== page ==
Many are those who might find this an appealing movie - and might even be able to overlook the fact that a serious subject matter has been paved over with banalities and superficial emotions - but the discerning viewer, the one who is prepared to 'feel' the sorrow and the happiness, the one who wants nothing more than to shed a tear or two for the characters; that viewer will be sorely disappointed.
Unfortunately, the actors let this movie down, but I point the blame at the director who has, unequivocally, proven that he is incapable of directing a talented cast.
This film is dubbed as a romantic comedy but is more of a comedy that is filled with laughs. I had to rewind some parts as I missed them due to this.
In the film, the main character, Kate is a brillant chef. She loses control of both her life and the kitchen when her sister is killed in an accident. She then becomes the guardian of her child. However, the child isn't into the posh food that Kate is used too. All the kid likes is pizza. In the end, she gets the kid to help and shows her the greats of fresh food.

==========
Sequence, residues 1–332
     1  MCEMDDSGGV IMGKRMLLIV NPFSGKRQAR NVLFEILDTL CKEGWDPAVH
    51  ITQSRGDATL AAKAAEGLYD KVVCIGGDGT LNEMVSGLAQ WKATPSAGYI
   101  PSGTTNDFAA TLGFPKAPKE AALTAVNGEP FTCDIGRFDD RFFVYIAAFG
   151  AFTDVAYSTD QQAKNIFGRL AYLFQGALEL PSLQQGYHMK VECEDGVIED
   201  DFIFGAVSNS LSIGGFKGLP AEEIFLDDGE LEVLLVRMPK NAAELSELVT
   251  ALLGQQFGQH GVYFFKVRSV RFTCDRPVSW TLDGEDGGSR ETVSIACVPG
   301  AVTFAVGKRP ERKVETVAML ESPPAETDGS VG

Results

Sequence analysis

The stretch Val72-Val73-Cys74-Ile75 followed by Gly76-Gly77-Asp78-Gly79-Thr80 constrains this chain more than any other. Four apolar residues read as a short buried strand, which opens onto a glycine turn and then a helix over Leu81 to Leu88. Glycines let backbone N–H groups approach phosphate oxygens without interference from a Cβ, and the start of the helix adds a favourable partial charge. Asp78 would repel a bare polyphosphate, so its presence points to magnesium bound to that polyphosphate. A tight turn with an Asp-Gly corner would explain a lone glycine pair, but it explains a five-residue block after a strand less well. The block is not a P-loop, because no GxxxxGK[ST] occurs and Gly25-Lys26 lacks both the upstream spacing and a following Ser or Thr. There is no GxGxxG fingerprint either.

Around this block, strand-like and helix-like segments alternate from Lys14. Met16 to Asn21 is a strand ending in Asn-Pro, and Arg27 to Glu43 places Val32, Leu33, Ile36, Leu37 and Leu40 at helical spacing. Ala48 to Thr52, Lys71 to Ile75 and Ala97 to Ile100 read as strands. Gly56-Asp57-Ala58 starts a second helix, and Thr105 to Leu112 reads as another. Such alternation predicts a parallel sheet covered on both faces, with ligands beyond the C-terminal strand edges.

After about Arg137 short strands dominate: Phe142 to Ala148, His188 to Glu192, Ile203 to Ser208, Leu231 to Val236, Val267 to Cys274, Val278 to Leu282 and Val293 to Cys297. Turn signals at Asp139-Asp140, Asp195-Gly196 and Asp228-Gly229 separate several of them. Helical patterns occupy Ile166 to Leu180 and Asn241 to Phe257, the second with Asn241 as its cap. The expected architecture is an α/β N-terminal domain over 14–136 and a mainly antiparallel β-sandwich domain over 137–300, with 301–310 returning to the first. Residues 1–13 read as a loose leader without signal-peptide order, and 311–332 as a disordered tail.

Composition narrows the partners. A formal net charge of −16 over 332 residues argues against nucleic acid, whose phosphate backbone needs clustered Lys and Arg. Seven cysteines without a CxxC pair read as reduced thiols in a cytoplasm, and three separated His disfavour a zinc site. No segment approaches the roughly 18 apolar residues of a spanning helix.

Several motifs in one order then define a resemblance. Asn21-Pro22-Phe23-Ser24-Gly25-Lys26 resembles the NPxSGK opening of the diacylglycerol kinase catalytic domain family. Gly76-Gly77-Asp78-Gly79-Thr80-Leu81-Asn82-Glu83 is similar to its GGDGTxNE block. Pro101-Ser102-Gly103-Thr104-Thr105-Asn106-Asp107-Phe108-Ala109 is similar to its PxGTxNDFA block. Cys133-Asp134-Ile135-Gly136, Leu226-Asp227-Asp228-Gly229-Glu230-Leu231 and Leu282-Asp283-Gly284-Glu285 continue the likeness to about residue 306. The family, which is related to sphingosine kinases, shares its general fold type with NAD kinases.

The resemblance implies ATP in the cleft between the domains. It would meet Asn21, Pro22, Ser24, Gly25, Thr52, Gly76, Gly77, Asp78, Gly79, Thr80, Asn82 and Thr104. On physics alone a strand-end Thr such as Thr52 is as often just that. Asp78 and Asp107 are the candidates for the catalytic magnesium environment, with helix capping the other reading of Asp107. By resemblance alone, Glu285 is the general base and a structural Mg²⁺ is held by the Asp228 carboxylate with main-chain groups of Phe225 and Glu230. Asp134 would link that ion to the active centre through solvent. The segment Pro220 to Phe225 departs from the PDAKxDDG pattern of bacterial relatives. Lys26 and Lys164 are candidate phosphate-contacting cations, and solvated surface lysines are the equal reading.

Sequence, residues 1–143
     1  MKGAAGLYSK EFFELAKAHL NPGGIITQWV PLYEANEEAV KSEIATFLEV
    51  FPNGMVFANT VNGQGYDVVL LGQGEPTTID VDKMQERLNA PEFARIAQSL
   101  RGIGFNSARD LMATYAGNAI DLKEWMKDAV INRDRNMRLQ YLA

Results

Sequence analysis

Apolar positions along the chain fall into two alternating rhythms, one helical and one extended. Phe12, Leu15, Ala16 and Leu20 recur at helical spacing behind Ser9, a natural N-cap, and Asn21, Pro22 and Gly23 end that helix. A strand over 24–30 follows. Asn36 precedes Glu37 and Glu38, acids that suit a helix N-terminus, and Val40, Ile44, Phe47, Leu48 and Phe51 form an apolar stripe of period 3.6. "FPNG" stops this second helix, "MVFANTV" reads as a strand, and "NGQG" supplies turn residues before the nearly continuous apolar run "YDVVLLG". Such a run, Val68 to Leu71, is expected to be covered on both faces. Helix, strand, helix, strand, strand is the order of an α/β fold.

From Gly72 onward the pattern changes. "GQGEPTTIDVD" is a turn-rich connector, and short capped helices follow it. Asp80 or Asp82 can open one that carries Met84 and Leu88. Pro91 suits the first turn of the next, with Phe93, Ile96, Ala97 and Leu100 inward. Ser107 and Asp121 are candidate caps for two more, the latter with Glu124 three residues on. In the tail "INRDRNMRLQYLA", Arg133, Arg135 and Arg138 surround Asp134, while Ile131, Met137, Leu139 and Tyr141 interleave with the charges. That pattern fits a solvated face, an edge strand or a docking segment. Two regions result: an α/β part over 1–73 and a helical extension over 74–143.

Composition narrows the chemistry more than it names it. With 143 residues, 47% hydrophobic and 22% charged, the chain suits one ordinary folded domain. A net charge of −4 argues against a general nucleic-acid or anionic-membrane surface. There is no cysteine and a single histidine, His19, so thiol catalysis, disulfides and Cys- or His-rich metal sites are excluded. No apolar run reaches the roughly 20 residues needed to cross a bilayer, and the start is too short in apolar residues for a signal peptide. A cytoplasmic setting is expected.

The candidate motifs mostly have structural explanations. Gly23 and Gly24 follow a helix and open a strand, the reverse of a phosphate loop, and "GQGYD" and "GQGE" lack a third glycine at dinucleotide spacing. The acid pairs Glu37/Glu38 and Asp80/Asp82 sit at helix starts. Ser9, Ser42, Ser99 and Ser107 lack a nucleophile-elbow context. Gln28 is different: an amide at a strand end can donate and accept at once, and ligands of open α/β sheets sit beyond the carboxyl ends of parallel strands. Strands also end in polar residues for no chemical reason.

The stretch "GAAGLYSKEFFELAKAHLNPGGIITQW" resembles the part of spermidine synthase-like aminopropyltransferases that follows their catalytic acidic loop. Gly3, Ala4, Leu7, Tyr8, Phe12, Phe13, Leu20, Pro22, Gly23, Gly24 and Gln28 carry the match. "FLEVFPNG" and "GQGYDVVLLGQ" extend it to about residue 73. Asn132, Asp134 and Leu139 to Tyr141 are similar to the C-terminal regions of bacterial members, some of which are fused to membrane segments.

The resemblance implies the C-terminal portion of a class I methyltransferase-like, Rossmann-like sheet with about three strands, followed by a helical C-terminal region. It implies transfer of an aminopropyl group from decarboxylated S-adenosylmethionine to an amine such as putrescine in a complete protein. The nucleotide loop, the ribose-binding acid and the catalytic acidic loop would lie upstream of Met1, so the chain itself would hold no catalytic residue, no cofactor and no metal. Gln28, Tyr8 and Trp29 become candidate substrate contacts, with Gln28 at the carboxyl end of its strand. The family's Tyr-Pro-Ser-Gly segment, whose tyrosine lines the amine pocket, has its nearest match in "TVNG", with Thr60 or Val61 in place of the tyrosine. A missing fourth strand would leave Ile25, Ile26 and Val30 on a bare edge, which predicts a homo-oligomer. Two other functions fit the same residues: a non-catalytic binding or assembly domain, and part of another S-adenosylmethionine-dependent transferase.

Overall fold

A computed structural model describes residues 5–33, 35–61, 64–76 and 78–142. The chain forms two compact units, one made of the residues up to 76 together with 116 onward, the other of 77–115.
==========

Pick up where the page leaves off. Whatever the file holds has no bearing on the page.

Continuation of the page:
The cast does a great job and are very entertaining. The script is great and will make you laugh. The sound and picture quality is very good. The story is very easy to understand so everyone will be able to watch but it is predictable.
The DVD extras are very good and interesting. The footage is interesting and the commentaries are worth it. The delted scenes and bloopers are excellant.